By Carlo Gualandri, Founder and CEO of Soldo
2020 has been one of the toughest years for finance teams on record. Although the end is seemingly in sight, the coronavirus pandemic has shaken businesses across the globe to the core. Regardless of the success of mass vaccinations, it’s clear that the consequences of the crisis will be felt for many years to come.
As the first lockdowns came into effect, businesses suddenly found themselves having to adapt to an unprecedented level of disruption and were forced to completely overhaul their operational models. Organisations up and down the country swiftly found they didn’t have the necessary systems and resources in place to facilitate working from home, creating an urgent rush of employees, managers and business leaders flocking to procure any working from home equipment they could get their hands on.
It was a rapid transformation – according to ONS figures, by April, almost half of the working population were working from home in some form. And while that transformation has led to a number of advantages – primarily that remote working en-masse, can in fact, work, there are also many challenges. We regularly hear about concerns that remote working has a negative effect on communication, productivity, wellbeing, motivation, coordination and creativity. While these apply across departments, finance teams have been particularly hard hit – and here’s why.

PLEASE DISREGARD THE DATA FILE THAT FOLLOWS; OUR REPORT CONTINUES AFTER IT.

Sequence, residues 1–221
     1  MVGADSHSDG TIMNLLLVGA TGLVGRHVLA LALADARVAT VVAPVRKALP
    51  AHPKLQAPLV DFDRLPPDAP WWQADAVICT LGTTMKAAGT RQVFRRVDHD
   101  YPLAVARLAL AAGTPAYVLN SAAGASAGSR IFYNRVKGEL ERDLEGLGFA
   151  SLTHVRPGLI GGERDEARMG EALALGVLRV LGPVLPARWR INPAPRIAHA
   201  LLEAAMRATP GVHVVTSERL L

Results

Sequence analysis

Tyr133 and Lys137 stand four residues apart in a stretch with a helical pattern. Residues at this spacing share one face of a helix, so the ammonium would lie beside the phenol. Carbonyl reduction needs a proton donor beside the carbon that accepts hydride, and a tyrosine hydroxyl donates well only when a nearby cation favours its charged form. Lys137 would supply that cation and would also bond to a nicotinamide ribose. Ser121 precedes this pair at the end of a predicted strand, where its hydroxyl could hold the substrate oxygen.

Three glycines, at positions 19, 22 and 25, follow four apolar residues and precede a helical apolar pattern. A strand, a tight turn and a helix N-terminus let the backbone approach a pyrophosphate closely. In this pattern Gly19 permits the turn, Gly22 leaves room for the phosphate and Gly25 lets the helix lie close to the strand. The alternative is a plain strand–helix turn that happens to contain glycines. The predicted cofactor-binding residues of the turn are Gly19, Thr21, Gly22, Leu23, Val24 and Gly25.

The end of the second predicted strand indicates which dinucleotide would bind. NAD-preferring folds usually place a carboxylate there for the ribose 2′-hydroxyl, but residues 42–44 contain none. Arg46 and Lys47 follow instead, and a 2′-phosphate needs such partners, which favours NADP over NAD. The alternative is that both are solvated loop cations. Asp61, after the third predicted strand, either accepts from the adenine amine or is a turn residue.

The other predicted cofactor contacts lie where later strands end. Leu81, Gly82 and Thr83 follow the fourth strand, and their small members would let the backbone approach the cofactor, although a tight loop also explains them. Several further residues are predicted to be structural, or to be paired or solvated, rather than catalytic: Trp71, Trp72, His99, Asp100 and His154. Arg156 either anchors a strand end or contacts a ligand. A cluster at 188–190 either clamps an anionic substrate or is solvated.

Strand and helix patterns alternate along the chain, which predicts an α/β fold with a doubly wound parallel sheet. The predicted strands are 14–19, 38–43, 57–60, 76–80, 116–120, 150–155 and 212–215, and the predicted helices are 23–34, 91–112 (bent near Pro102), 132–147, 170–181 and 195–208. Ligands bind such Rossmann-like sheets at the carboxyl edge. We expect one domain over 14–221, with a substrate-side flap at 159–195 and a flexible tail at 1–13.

Remote working has meant a significant change in companies’ spending patterns. There’s been a huge shift in the spending habits of businesses, with exponential growth in ecommerce, digital services and online advertising. Meanwhile, there has been a significant reduction in employee expenses such as travel and entertainment. Without line of sight access, how do finance teams manage operations effectively to cope with such a significant swing in company spending?
Remote working is exacerbating the challenges finance professionals already faced when managing business spending. Research by Soldo reveals that over 72% of British finance directors say that their teams are “unprepared to cope in a complete or partial virtual working environment”. There has been a failure to adapt to digital workflows, resulting in over 58% of UK businesses being unsure of their current level of working capital.
While the pandemic has meant that the strategic value of the finance focus is emerging from the shadows, 64% of finance professionals say that the unnecessary stress of everyday tasks such as reconciliations prevents a true focus on strategic matters. Indeed, these reconciliations aren’t trivial matters, with over half of finance directors (54%) saying that their working capital is so low that lost VAT receipts “threaten business stability”.
Finance teams have thus found themselves in the dark. It’s clear that they need to find new ways of working that are better suited to the changing economic landscape. They need greater clarity, visibility and control of their finances to be able to pivot quickly to thrive – or even survive.
Fortunately, we live in an era where the tools to address the new challenges of remote working are readily available – whether this be Zoom and similar platforms for meetings, Slack to ensure continued effective collaboration across teams or Soldo to stay on top of employee spend. These have quickly become a vital boon as we move to a more permanent remote working culture. Research from Future Forum shows that the majority of knowledge workers never want to go back to the old way of working. Only 12% want to return to full-time office work, and 72% want a hybrid remote-office model moving forward.
Businesses that wish to prosper must accept that remote working is here to stay for the long-term. They must therefore adapt their financial practices to effectively manage this new normal to keep on top of their expenditure in an increasingly tumultuous climate.